Oh, well you don’t dislike Romneycare (and by default, must take only microscopic issue with Obamacare since they are the exact same things outside minute details and “woulda, coulda, shoulda” excuses.) and instead apparently feel the Government should force us to buy anything they want us to if they so choose. Got it…

        By the way, since you, Romney, all the Romneybots and Democrats everywhere (claim to) have such a hard time with this whole “free rider” =, I’ll fix it for you:

        As the state occurs all debt relating to a failure of a patient to pay his medical fees. And as the state gets funding from the Government for such citizen debts occurred; all failures to pay medical billings will be subject to Federal Prosecution with a minimum 5 years in prison if intent is shown.

        There, fixed your “free loader” issue without forcing everyone everywhere to pay huge amounts of money for lesser coverage in an effort to give free coverage to illegals and deadbeats.

    So it’s WISH Time! O.K. – I have one – I was just wishing that Romney supporters would revert back to being the Liberal Democrats that they are, just like Mitt’s pal Kennedy. Guess neither of us are likely to get our wish.

    Thanks for posting this information Professor – keep up the good work!

      CenterRightMargin in reply to Say_What. | January 31, 2012 at 4:30 pm

      So wait.

      Because I support (really as a default option since I’d much prefer Paul Ryan or maybe even Mitch Daniels) a pro-family values businessman with 5 sons who donates a ton of his money to his church, ran a succesful business which specialized in making other businesses more lean and efficient, ran the Olympics well, wouldn’t do crazy things like veto the Keystone pipeline or go on the warpath against Fracking and Coal or offshore drilling (permitorium), won’t use the NLRB to help big labor, has adopted the modified Ryan plan for Medicare and is on board for SS reform… that makes me a liberal?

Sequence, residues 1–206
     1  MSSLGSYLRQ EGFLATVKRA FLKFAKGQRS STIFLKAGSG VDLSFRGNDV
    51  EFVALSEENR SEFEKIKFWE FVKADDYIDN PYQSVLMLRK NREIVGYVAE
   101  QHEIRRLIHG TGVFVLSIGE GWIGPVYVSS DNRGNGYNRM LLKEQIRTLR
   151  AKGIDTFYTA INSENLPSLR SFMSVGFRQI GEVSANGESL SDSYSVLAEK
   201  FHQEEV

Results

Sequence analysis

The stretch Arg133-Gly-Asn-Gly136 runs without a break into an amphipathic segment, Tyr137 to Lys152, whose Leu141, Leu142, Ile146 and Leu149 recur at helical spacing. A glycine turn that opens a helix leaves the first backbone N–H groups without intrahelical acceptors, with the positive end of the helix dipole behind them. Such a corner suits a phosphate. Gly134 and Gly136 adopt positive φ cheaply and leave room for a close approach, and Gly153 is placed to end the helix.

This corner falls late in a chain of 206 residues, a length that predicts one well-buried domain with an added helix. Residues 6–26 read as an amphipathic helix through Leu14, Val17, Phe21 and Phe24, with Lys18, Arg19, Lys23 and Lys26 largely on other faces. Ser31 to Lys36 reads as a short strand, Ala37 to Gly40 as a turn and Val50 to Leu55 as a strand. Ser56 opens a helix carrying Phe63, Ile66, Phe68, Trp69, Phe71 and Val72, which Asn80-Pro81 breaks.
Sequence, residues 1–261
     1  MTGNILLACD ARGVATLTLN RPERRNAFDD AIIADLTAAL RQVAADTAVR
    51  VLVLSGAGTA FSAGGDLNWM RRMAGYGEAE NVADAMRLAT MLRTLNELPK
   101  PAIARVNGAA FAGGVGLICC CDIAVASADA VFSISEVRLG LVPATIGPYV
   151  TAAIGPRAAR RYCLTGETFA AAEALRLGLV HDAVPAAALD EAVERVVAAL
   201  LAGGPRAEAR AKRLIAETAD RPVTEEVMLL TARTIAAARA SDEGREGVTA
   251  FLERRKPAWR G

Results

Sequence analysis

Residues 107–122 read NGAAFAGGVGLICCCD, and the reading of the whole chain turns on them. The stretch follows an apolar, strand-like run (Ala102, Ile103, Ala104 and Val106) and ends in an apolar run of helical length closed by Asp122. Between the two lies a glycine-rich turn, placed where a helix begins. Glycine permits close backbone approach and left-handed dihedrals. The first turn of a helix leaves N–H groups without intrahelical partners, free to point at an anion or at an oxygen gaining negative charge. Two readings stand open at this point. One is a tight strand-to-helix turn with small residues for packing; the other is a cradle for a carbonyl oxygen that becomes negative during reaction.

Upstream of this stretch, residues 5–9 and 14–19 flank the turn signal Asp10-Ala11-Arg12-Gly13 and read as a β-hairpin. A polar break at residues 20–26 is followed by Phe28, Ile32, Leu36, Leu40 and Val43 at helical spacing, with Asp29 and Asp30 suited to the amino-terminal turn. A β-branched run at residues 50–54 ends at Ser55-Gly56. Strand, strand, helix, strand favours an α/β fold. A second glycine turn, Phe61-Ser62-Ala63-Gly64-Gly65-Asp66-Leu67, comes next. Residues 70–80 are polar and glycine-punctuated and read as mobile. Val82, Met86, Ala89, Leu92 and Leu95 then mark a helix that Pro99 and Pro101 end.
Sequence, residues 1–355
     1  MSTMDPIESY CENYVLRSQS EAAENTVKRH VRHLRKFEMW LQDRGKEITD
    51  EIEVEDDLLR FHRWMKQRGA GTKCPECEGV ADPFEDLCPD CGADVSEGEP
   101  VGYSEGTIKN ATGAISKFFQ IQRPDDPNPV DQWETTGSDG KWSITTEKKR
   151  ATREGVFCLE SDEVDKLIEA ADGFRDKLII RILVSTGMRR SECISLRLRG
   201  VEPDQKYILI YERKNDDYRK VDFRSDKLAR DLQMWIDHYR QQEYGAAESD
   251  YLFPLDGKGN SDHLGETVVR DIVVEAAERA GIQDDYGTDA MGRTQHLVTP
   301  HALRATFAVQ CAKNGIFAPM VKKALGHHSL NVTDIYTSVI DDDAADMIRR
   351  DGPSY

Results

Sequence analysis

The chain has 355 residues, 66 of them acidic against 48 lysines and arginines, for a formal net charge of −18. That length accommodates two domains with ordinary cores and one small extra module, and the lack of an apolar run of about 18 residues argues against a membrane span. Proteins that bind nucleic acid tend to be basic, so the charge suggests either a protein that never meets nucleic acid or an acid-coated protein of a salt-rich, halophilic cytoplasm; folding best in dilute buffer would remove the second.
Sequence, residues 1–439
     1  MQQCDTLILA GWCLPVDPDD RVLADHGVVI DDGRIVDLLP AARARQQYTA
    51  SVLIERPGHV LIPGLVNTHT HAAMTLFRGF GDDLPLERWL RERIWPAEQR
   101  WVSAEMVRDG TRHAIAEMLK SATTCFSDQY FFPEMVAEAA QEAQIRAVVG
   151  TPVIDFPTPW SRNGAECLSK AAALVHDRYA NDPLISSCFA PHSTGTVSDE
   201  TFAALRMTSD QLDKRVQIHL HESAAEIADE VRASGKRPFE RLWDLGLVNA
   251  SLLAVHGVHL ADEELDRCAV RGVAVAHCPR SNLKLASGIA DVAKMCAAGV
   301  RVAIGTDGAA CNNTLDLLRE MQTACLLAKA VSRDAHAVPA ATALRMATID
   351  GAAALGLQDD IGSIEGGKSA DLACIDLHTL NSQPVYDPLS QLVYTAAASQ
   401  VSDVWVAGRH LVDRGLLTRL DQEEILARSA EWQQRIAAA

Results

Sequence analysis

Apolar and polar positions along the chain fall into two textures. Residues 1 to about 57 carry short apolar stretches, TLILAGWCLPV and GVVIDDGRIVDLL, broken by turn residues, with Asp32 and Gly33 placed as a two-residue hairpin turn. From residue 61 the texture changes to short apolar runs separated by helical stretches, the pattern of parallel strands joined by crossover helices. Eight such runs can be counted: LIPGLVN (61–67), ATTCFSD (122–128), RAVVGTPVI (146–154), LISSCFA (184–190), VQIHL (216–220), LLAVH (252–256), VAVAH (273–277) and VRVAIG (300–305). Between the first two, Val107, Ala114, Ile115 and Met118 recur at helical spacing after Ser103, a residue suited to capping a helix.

Because I’m not for Mr. “I won’t debate the President if the Media Morderates” in the primary? Mr. “My SPAC can lie about Bain and make leftist insinuations about wealth but your SPAC can’t make characterizations I disagree with?” Mr. “I took 1.6 million from Freddie’s lobbying arm to ‘be a historian'”? Mr. “Paul Ryan’s plan is right-wing social engineering?” Mr. “I was for a mandate until I was against it?”

      Really? Just checking.

        How much is Mitt paying you to espouse his talking points to us great unwashed conservative masses? I hope it’s a lot cause selling bull is a tough job.

    William A. Jacobson in reply to CenterRightMargin. | January 31, 2012 at 4:02 pm Very similar, in almost every material aspect. From the dispassionate CATO institute.

      CenterRightMargin in reply to William A. Jacobson. | January 31, 2012 at 4:20 pm


      I don’t see anything from CATO in that link, though may be missing it. Just an article from ricochet by an author I don’t recongize that includes the term “anybody but Romney.”

      I also don’t deny that there are strong similarities between Romneycare, and Obamacare.

      Essentially, Obamacare is Romneycare on mega-steroids and applied to the entire nation, instead of a state.

      It’s a fair criticism (although Romneycare my innoculate Romney from some charges of being a “heartless conservative.”).

      But there are significant differences in scope and reach between the two, as well as in costs and intrusion.

      Whereas Romneycare is a bill appropriate for the bluest of blue states (and shaped as much by %80+ Democrat MA legislature as Gov. Romney – he wasn’t going to be able to stop them from passing a healthcare law), Obamacare is Romneycare taken 5 big steps further to the left, and applied to both blue and red states.

    Midwest Rhino in reply to CenterRightMargin. | January 31, 2012 at 4:05 pm

    Romney also fought for, but lost, on provisions that would make a qualifying plan limited to basic care plus catastrophic.